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  3. Diagnosis
  4. Indications
  5. Treatment

Authors of section


Paulo Barbosa, Felix Bonnaire, Kodi Kojima

Executive Editors

Steve Krikler, Chris Colton

Open all credits

Lag screw and buttress plate

1. Principles

Lag screw principles

As the thread advances in the main body of the tibia, the head pushes the medial fragment towards the tibia.

The smooth shaft of the screw prevents any significant hold between the screw and the surrounding bone.

The length of the screw shaft must be chosen so that the threaded part of the screw lies fully beyond the fracture line and within the epiphyseal cancellous bone of the distal tibia.

To prevent the screw head from sinking into the thin cortex, the use of a washer is recommended.

infrasyndesmotic medial fracture with lcl rupture

Buttress plate

The function of a buttress plate is to neutralize any vertical shearing force.

2. Patient preparation and approach

The patient may be placed in the following positions:

For this procedure a medial approach is normally used.

lag screws oblique or vertical fractures

3. Reduction

Cleaning the fracture site

Remove any small, loose fragments which may prevent anatomic reduction and free the periosteum from the bone edges.

It is important to visualize and inspect the joint, searching for bone and cartilage fragments detached from the medial malleolus or from the talus, and any impaction of the articular surface at the margin of the fracture. If the articular surface has been impacted, this must carefully disimpacted before the medial fragment is reduced.

Anatomical reduction

Reduce the fracture anatomically with the help of small pointed reduction forceps. Take care with the soft tissues.

Depending on fracture configuration and size of the fragment you may need to use large pointed reduction forceps through a lateral stab incision.

Do not strip the periosteum more than necessary.

lag screw and buttress plate

In the presence of an impacted medial corner fragment, gently open the main vertical fracture plane by retraction of the medial malleolus medially (opening the book). The impacted “corner” fragment, usually identifiable by its articular cartilage, after irrigation if necessary, can then be seen.

Disimpact and carefully tease back the fragment into its anatomical position.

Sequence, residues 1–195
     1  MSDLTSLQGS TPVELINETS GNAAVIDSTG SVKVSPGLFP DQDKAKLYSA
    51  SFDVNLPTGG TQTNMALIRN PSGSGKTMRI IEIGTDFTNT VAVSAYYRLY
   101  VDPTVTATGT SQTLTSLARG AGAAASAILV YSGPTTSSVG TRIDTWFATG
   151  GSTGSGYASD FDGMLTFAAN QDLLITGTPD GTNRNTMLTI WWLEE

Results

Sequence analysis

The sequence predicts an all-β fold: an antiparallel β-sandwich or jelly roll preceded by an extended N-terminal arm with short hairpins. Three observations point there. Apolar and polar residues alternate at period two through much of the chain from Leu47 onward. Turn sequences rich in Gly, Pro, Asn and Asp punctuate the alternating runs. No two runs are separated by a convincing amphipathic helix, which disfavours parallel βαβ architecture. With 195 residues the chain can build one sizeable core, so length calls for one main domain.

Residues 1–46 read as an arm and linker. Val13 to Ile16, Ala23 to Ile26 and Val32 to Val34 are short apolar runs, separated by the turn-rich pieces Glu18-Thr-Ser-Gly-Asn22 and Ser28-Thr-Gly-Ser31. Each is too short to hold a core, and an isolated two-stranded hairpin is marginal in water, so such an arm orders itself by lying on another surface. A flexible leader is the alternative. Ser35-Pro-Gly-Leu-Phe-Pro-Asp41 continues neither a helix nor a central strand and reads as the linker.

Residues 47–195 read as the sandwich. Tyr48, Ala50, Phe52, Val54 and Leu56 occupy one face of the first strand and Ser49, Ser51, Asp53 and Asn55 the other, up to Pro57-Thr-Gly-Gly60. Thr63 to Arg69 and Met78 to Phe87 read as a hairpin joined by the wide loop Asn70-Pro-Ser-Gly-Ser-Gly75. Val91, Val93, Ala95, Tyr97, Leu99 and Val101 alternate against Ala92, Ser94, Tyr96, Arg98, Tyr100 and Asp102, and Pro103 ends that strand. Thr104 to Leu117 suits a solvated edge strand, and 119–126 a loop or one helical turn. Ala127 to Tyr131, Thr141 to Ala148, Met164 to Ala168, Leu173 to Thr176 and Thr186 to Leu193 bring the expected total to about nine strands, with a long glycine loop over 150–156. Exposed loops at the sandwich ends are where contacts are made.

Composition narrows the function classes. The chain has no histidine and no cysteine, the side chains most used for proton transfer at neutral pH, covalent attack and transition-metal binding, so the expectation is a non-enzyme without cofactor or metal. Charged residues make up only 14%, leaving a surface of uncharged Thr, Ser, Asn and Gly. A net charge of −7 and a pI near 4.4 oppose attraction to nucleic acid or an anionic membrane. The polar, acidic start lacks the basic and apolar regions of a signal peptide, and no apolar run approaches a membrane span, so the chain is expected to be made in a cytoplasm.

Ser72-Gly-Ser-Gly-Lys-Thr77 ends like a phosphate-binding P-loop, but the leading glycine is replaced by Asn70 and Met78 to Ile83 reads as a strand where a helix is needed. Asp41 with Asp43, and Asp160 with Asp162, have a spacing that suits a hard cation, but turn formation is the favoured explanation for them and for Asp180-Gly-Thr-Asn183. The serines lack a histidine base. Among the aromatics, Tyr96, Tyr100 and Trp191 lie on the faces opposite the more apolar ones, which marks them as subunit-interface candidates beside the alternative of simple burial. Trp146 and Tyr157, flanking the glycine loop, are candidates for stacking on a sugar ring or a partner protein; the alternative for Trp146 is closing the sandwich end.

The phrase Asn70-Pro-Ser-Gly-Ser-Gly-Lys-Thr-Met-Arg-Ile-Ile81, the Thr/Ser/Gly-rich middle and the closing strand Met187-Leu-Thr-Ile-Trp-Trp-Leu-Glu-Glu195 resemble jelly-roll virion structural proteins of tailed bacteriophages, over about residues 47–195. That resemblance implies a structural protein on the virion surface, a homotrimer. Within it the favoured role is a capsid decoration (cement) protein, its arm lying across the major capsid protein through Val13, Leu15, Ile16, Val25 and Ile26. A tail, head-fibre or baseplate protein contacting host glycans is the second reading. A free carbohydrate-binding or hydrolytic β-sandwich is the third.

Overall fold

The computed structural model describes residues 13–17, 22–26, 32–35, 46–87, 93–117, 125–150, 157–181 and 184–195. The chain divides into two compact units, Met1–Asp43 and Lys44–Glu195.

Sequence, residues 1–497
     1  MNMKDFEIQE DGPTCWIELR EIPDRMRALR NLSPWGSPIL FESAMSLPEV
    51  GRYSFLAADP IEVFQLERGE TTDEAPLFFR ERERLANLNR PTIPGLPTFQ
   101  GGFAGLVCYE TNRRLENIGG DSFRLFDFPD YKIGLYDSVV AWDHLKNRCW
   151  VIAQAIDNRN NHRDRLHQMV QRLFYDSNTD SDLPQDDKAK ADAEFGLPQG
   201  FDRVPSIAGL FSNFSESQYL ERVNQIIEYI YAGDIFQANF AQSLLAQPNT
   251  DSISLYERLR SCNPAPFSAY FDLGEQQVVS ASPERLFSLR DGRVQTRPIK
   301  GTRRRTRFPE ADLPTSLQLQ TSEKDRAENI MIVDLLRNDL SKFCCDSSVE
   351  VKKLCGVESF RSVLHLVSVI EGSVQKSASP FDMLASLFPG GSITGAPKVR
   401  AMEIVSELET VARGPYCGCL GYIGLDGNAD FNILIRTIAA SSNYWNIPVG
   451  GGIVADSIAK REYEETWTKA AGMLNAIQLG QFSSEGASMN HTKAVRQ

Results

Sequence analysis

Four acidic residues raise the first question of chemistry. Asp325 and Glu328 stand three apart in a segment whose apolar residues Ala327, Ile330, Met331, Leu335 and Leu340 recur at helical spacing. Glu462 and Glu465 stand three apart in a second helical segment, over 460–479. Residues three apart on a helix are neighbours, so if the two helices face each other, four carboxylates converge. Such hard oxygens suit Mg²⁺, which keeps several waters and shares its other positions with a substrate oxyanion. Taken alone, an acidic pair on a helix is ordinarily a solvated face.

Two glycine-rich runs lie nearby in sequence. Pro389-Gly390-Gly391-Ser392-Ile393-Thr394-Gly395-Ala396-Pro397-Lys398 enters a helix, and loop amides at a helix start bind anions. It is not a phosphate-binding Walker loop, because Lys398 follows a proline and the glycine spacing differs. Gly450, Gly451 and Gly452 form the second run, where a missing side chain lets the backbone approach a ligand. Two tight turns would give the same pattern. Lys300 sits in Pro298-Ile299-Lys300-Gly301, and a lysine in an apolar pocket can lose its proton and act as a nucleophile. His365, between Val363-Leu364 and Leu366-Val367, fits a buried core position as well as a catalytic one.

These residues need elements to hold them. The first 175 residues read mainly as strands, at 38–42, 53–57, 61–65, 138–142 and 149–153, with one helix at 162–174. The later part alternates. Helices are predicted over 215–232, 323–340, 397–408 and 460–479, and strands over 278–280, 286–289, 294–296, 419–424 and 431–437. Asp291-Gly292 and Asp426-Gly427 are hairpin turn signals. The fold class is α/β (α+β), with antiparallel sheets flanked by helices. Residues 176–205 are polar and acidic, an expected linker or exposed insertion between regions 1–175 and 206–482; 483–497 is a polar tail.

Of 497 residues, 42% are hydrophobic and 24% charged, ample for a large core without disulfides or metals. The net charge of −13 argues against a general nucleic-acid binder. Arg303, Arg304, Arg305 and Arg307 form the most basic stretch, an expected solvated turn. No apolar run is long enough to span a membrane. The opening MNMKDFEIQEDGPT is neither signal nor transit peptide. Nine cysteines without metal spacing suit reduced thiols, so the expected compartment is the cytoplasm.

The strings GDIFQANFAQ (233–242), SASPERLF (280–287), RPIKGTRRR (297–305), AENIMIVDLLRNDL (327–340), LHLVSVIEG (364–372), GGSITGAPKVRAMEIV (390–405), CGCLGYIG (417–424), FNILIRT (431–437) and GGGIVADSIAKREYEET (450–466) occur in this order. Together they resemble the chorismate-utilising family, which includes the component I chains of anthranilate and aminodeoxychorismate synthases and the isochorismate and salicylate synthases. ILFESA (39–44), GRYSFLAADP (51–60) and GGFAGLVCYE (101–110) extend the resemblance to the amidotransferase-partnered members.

Then close the book by careful reduction of the medial malleolus.

lag screw and buttress plate

Preliminary fixation

Insert a 1.6 mm K-wire as perpendicularly as possible to the fracture plane, about 1 cm proximal to the level of the horizontal tibiotalar joint line.

As decided in preoperative planning, this K-wire should be placed posteriorly in order not to interfere with the planned position of the plate.

Check the reduction under image intensification.

lag screw and buttress plate

4. Fixation


With the protection of a drill sleeve, drill a 2.5 mm hole as perpendicularly as possible to the fracture plane and parallel to the K-wire. Do not drill the far lateral cortex.

Avoid penetration of the ankle joint and the syndesmosis.

lag screw and buttress plate

Tap cortical bone

Measure the drill depth and then tap the near cortex only with the 4.0 mm cancellous bone tap, using the protection sleeve.

Insert anterior lag screw

Insert the chosen 4.0 mm cancellous bone screw so that it comes to rest with its threads completely in main body of the distal tibia.

The use of a washer is recommended, especially in osteoporotic bone.

Insert the screw without excessive tightening.

lag screw and buttress plate

Insert posterior lag screw

Remove the K-wire and widen its track with a 2.5 mm drill through a protection sleeve.

After measuring the length and tapping the near cortex, insert the second 4.0 mm cancellous bone screw, fitted with a washer.

lag screw and buttress plate

Prepare plate application

Use a 3 hole one-third tubular plate to buttress this shear fracture.

Position the plate firmly by hand so that two holes lie on the main body of the tibia and one hole on the malleolar fragment. Plan the position of the first proximal screw near the fracture. This screw must be located in the main fragment, 3 mm proximal to the apex of the fracture plane.

Use the 2.5 mm drill bit and protection sleeve. Drill both cortices, but exercise great care not to over-penetrate laterally.

lag screw and buttress plate

Buttressing effect

Measure the depth and tap both cortices with the 3.5 mm tap, using the protection sleeve.

Carefully apply the uncontoured plate. Insert the first, more distal cortex screw. By tightening the screw, the plate will act as a buttress on the distal fragment.

Finally, insert the second 3.5 mm cortex screw as described above.

lag screw and buttress plate

5. Postoperative treatment of infra- and trans-syndesmotic malleolar fractures

A bulky compression dressing and a lower leg backslab, or a splint, are applied, and the limb is kept elevated for the first 24 hours or so, in order to avoid swelling and to decrease pain.

In anatomically reconstructed, stable malleolar fractures, early active exercises and light partial weight bearing are encouraged after day one. In osteoporotic bone, weight bearing should be postponed.

X-ray evaluation is made after 1 week and then monthly until full healing has occurred. Progressive weight bearing is recommended as tolerated.